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Mark Hamburg <> dixit:

> > About implementation, it seems to indicate Lua embebs symbolic references (*) to outer _variables_ in reachable scopes, when creating a closure for g0. Not pointer references (**) to _values_; otherwise the replacement of x would not be seen by the closure. Before trying, I thought the outcome would be 3, meaning values are kind of frozen at closure creation time (would be the case if references were pointers).
> > 
> > [I imagine this behaviour may match the one of closures in functional languages (?), but anyway the whole paradigm is so different...]
> > 
> > Denis  
> This is exactly how true closures work in all languages with closures. The creation of g closes over the references to n and x (which as you've written them are global but might as well be local -- you'll get the same results). If you use local variables, a new instance of n is created whenever x is executed, but there is presumably only one point where x is created hence all references lead back to the same value.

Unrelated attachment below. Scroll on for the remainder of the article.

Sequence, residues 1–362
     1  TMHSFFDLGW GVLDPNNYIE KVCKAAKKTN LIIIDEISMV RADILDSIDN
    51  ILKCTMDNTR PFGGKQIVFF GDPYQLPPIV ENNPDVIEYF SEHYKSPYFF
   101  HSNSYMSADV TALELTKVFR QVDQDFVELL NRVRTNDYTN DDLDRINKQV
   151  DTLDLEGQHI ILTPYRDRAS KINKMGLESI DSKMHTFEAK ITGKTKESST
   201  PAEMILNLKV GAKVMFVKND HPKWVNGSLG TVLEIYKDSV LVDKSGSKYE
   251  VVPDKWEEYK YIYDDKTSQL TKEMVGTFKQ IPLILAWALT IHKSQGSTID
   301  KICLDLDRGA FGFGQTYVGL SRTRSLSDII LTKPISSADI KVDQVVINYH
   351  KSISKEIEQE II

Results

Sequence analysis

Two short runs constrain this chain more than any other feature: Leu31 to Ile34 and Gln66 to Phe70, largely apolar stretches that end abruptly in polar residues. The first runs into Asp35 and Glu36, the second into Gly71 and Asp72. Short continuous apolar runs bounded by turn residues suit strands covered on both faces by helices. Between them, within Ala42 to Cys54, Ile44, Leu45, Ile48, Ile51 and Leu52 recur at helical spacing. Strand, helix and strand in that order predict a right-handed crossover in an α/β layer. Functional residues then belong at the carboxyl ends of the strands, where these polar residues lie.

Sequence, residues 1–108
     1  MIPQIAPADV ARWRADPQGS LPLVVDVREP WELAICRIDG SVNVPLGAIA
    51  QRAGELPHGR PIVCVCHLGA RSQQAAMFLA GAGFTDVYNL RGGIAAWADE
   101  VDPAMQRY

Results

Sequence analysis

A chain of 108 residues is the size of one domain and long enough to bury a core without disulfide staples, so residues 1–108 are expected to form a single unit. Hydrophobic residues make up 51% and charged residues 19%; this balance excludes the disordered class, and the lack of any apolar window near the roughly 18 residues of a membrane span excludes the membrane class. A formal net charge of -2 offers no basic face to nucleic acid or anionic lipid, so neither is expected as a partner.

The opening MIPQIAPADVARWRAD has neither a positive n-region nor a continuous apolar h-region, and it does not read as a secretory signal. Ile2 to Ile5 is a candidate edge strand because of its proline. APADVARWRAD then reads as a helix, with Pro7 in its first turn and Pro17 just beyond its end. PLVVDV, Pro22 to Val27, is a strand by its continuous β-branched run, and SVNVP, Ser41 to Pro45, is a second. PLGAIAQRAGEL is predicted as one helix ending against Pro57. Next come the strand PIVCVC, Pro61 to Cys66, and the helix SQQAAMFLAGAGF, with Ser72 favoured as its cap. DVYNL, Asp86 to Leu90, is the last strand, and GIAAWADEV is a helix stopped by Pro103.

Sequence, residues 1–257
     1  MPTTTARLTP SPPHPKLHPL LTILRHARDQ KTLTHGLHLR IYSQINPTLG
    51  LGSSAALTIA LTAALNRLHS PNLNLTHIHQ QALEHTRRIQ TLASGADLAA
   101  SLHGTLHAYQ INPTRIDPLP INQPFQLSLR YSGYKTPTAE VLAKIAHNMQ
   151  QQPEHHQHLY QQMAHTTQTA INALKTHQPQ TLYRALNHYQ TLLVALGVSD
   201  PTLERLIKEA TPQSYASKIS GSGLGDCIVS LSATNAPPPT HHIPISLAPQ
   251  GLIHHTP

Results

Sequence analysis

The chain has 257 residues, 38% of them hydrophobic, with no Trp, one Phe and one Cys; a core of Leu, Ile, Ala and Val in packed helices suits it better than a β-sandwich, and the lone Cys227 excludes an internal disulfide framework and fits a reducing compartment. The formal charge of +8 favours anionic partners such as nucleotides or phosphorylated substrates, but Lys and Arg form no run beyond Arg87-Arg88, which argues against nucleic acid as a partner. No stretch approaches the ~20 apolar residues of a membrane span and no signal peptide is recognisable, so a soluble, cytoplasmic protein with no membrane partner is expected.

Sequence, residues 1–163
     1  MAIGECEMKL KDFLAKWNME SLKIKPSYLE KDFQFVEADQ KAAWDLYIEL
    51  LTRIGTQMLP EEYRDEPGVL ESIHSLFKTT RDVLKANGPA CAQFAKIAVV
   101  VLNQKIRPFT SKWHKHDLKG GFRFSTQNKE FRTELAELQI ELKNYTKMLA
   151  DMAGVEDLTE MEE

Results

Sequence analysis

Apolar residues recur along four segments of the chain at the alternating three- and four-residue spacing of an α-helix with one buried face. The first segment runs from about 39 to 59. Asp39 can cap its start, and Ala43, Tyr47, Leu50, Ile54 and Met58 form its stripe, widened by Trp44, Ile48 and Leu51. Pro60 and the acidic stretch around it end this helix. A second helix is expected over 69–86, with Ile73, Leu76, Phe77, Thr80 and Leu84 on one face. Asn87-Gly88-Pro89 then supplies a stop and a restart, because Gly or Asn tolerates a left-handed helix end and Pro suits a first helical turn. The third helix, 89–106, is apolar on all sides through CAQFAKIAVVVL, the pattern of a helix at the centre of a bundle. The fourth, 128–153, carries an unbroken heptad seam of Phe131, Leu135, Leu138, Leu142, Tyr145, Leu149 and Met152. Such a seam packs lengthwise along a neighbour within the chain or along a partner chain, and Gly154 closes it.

> Perhaps you have experience with a poor man's closure implementation in which the values are copied into the closure at the time the closure is created? That meets many of the needs of a closure, but it is just a weak copy. Consider for example wanting to write:
> 	local sum = 0
> 	table.foreachi( array, function( i, v ) sum = sum + v end )
> 	print( "Sum = ", sum )
> In order for this to work, the reference to sum in the function have to refer to the mutable variable declared outside the function.
> Mark

Thank you, your explaination makes things much easier. I like the expression "mutable variable", as it clear highlights that what is referred to by the closure is indeed a variable (while the _value(s)_ may even be immutable, like in your example).
All this was difficult for me, I guess, because usual references are (masked) pointer; Ids are adresses. If upvalue where identified by address, the code above wouldn't work, I guess.
May I suggest that upvalues are analog to parameters passed by name? (which is indeed not Lua's paradigm)


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